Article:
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Profound Duplicity Exhibited By Jekyll As A Reflection Of The Victorian Way Of Life

2331 words - 9 pages

Profound Duplicity Exhibited by Jekyll as a Reflection of the Victorian Way of Life

The Victorian society was filled with many divisions. It consisted of
two extremes, the very wealthy and intense poverty. It was these
divisions that contributed to the causes behind the life of Henry
Jekyll to be split between the two. However, there are many other
reasons as to why Jekyll wanted the best of both worlds.

Within the Victorian period, there were many successes, including
inventions such as the first public railway link between the coal
mines of Darlington and the port of Stockton; this was built by an
engineer named George Stevenson. Also was the improvements in people's
health, this was due to progresses with clean water and better drains.
Victorian scientists, for example, Michael Faraday, also made
discoveries such as various inventions including the telegraph, the
telephone and the electric light. In addition to this the British
Empire had grown like never before. At this point the Victorians were
in a time of sanguinity and fulfilment. However in the country's
capital, London, not everywhere was quite like this. The city was
divided in to two, the rich and the poor. Regents Park was filled with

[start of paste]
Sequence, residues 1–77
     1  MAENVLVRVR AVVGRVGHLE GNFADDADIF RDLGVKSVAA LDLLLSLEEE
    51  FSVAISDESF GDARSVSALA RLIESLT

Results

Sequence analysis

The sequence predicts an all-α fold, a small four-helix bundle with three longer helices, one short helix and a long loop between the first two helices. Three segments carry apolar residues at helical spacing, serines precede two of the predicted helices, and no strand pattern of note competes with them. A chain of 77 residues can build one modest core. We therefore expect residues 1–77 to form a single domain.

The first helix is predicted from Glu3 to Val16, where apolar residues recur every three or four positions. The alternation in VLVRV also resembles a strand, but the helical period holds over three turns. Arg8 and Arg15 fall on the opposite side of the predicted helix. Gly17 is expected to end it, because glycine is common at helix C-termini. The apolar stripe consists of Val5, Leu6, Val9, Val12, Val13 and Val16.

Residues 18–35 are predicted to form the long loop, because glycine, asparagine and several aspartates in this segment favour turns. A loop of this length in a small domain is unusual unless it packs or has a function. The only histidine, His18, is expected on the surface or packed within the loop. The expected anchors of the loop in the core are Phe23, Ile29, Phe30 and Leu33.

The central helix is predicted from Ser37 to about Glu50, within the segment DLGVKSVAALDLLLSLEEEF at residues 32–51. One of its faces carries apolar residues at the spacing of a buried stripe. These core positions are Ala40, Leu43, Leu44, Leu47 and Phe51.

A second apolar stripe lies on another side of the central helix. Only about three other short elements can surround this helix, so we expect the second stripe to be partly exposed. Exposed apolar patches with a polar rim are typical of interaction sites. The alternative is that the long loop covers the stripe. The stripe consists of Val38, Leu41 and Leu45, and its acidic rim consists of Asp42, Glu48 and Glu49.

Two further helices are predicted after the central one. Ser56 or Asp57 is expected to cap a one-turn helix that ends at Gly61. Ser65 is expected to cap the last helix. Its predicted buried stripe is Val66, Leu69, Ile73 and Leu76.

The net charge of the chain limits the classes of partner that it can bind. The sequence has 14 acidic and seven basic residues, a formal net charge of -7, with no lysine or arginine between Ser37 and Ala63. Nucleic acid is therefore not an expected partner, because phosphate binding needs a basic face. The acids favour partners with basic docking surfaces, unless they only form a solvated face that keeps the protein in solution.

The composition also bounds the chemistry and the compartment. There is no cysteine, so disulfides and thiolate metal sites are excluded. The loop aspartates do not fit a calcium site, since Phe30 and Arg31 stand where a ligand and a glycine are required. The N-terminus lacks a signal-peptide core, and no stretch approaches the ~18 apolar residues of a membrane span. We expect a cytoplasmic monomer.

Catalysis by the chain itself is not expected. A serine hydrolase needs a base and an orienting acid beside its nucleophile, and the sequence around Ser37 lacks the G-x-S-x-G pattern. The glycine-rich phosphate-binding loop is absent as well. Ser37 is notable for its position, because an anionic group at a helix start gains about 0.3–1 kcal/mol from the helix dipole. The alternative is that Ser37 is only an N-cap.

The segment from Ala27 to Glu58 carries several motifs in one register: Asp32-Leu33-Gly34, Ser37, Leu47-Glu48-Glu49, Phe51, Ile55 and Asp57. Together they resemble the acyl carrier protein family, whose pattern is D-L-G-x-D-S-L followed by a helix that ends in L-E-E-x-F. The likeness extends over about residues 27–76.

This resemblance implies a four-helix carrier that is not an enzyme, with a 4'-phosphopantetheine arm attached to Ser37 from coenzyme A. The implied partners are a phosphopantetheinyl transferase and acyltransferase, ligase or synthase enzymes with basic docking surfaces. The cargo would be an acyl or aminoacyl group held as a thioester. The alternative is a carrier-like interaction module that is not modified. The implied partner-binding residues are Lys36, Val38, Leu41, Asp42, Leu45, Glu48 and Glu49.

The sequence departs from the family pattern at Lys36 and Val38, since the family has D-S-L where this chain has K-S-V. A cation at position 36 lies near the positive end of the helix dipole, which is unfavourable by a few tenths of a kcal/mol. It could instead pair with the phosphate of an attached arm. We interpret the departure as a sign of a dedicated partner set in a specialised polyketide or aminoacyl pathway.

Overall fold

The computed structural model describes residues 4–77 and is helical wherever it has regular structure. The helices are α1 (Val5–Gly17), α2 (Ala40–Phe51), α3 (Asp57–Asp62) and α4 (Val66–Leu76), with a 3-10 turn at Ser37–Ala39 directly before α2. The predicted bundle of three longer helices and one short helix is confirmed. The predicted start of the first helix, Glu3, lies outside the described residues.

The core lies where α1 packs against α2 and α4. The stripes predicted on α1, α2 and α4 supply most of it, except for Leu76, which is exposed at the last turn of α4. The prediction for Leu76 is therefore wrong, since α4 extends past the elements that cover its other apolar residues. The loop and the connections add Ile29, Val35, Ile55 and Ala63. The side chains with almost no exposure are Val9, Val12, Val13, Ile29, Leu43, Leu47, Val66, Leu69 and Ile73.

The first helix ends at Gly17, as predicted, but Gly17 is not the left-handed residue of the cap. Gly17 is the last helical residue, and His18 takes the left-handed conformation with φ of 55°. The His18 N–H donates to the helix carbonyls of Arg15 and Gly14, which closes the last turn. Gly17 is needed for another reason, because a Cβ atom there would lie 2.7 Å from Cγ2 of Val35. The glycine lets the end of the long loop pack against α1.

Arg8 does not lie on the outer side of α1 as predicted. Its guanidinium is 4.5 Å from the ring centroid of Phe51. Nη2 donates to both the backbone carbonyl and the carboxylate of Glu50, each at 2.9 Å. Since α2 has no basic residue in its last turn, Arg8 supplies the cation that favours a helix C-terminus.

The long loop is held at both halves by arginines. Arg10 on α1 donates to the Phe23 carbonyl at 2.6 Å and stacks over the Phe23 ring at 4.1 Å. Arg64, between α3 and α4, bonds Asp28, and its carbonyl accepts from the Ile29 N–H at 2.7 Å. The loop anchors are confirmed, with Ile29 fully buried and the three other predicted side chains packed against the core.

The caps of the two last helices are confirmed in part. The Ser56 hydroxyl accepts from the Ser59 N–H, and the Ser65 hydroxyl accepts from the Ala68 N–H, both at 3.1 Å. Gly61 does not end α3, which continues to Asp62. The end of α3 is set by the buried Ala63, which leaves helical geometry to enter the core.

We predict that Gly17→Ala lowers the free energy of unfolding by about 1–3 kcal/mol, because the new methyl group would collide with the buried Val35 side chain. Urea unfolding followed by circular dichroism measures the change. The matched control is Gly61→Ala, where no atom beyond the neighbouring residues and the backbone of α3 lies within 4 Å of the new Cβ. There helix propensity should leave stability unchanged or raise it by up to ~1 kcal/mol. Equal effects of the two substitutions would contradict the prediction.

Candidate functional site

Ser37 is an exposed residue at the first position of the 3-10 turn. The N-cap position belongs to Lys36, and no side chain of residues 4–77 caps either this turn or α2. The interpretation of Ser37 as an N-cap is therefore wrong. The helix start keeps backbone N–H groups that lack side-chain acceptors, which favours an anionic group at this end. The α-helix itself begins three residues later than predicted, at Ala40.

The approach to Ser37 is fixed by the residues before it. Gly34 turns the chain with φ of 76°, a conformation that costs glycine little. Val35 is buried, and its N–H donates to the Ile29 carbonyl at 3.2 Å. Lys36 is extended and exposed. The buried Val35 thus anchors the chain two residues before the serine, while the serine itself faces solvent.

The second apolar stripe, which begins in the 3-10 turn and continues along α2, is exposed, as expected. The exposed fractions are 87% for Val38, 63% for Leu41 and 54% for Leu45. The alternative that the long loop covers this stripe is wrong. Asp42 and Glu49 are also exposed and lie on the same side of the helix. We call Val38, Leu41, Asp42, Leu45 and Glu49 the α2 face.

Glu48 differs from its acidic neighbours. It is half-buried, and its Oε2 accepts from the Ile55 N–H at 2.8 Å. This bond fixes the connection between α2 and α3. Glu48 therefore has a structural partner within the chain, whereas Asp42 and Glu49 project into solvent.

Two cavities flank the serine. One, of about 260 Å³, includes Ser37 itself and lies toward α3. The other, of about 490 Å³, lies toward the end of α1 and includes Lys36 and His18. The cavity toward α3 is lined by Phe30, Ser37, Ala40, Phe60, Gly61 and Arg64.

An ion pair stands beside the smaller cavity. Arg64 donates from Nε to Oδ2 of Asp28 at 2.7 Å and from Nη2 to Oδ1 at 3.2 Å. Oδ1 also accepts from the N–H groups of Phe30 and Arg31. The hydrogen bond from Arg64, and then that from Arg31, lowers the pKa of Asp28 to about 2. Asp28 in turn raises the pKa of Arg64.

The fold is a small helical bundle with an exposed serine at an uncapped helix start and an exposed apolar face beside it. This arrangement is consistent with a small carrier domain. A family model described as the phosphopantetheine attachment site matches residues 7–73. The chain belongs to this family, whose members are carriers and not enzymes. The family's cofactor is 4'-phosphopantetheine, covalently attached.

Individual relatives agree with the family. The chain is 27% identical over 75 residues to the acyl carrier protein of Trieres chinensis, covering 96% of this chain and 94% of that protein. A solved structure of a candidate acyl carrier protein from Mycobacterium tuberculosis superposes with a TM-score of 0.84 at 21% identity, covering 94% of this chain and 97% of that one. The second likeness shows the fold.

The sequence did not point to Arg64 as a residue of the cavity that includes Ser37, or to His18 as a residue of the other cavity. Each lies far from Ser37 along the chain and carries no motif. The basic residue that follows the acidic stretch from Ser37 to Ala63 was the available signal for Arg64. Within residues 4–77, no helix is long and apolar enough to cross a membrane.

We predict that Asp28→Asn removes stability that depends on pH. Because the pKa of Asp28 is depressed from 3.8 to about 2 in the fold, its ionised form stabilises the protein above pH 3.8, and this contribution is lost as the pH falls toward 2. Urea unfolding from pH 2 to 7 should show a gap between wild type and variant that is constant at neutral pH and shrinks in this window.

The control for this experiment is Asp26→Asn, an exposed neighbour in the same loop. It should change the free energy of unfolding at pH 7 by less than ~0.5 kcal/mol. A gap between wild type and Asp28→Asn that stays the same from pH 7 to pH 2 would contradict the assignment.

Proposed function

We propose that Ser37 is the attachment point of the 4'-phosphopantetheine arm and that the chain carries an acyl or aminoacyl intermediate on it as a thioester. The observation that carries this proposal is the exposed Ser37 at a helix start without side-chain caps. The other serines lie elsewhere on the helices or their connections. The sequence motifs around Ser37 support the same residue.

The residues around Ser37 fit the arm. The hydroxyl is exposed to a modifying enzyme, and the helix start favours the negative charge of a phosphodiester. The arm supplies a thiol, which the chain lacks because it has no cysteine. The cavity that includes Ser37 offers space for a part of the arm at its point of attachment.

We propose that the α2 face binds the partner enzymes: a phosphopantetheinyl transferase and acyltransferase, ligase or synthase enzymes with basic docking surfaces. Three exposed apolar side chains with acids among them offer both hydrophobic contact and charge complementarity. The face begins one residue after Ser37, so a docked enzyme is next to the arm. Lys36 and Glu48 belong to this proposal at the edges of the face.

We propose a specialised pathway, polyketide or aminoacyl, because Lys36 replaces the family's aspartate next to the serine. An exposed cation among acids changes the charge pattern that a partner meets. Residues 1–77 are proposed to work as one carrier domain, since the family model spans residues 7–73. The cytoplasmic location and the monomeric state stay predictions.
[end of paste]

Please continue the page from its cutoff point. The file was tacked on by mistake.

respectable and hard working people. Conversely a few streets down
backing on to Regents Park, was Soho, a place of squalor and
deprivation, yet the wealthy were not going to make any changes, they
liked the way it was and saw no need for the situation to change.

Religion was an important aspect of Victorian life, and acted as a
form of control of retaining the status quo. It was religion that kept
the two divisions standing. The poor were made to be obedient, and the
rich were imposed levels of expected behaviour. The rich were very God
fearing people, and strict when it came to going to Church, this
included attending Church every Sunday in their best clothes, and
worshipping up to three times a day. Children would read the Bible and
their toys consisted of those relating to Bible stories, such as
Noah's Ark. Within the rich society they were conscious of their
reputation, family mattered and they should have always kept a
professional status, because of this idleness was most certainly a
sin. Despite this it was often found that men throughout the rich,
paid for prostitutes, this is just one of the examples of leading a
double life. The wealthy men of Victorian times were looked upon as
good family people, and had a profession in which they could always
provide for their families. They would not have been able to take part
in sins such as prostitutes in wealthy areas for instance Regents
Park, and so would have to go elsewhere, this means starting a
different life, this being the main theme of 'The Strange Case of
Henry Jekyll and Mr Hyde', duplicity.

Robert Louis Stevenson's...

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